I have spent the majority of my life in various states of anger. For the first 30 years, this anger was mainly turned inward because I didn’t have permission to express anger in my home. The retaliation might have killed me. In addition, society had taught me that it was inappropriate for girls to outwardly express anger.
Instead, I just let my anger eat away at me from the inside.
This anger manifested in physical diseases. I was sick most of my childhood and early adulthood.
But it also caused me to hate myself. I had a deep self-hatred which triggered chronic anxiety. There was no way for me to relax and enjoy myself, or even better, create a life of joy and meaning.
There was always an inner voice telling me I wasn’t good enough.
Once I started my recovery, the anger started flowing out in waves. It was so intense that it would be better described as rage. I was scared of it at first. I had seen rage in my childhood and it was usually directed at me. Plus, I had come to the conclusion that anger was bad … all the time. This is what I had been taught. But through my therapy, I learned to accept my anger, and even come to enjoy it a little too much. It seemed powerful to me at the time because I had been powerless for so long.
I plotted my parents’ deaths. I visualized a killing spree of every abuser in my life. I fantasized about putting them in prison. I thought of all the statements I would say at their sentencing. I even contemplated their struggles in life after death, and I looked forward to it. I am not ashamed of this anger. It is a normal part of a recovery process.
Although I have moved beyond the need to express rage about my past, anger still shows up in my house. Sometimes, it manifests for the right reasons and sometimes it’s just there. My children have been expressing some aggression toward each other in the past few days. There are so many reasons for that. They are ready for school. They are sick of each other and want to see their friends again. They are spending too much time with electronics. The full moon is almost here. I could go on.
This morning, there was an incident. I can’t remember the specifics, but someone wasn’t doing what the other wanted. One child was mad and very tempted to use physical means of getting the other child to do what they wanted.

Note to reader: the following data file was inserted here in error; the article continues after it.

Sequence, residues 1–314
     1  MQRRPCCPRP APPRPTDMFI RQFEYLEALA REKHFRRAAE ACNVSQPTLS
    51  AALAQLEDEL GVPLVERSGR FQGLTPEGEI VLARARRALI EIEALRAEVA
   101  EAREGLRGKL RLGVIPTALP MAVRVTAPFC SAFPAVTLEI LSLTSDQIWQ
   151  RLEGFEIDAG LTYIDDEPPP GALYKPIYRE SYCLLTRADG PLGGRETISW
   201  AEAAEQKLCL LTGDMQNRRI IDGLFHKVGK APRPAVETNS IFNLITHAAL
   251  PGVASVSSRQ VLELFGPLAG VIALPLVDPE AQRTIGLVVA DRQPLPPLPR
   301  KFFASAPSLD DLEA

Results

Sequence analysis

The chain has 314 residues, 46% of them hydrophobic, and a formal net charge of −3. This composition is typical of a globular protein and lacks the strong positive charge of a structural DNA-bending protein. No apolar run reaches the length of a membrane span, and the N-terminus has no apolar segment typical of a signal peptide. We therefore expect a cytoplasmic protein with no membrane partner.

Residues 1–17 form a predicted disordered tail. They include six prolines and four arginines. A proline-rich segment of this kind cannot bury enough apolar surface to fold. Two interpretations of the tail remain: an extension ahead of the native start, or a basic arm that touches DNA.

I looked at that child and said, “Just walk away. Go to your own room and find something to do. You can’t force anyone to do what you want if they have no interest.”
As I walked back to my room, I realized that I had just given the advice that I needed to hear the most. Why am I still having a tantrum? Why am I still trying to energetically force my parents to do what they will never do — apologize? Am I going to hang on to my anger forever while I wait for them to do the right thing? Or am I going to walk away? Am I going to be free?
Some might refer to this as forgiveness or letting go. I struggle with these terms because they are overused. Anytime something is overused, it starts to lose its meaning. I also have a problem with the meaning that has been placed on the term “forgiveness” in religious circles. Some have implied that we have to make amends with a person to forgive them. Some have implied that we have to allow them in to our lives again and attempt some form of relationship. None of this is appropriate for a sexual violence survivor.
I know this sounds cliché, but I believe everyone is allowed a fresh start. Everyone is allowed to walk away from a past that did not support their sense of self, so that they can find their ultimate purpose. The power is not in the anger about the past. The power is in leaving the past behind.
So I will walk away. I will no longer wait in anger for my abusers to do the right thing. I will no longer pin my hopes on prison time or a karmic accident as a form of revenge. I will consider this phase of my life complete. I will live my life without the chains of my anger about the past. I was a slave. But I am not anymore.
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Last reviewed: By John M. Grohol, Psy.D. on 29 Aug 2013
Published on PsychCentral.com. All rights reserved.
Corey, E. (2013). A Fresh Start: Walking Away From Your Past. Psych Central. Retrieved on March 8, 2014, from http://psychcentral.com/blog/archives/2013/08/29/a-fresh-start-walking-away-from-your-past/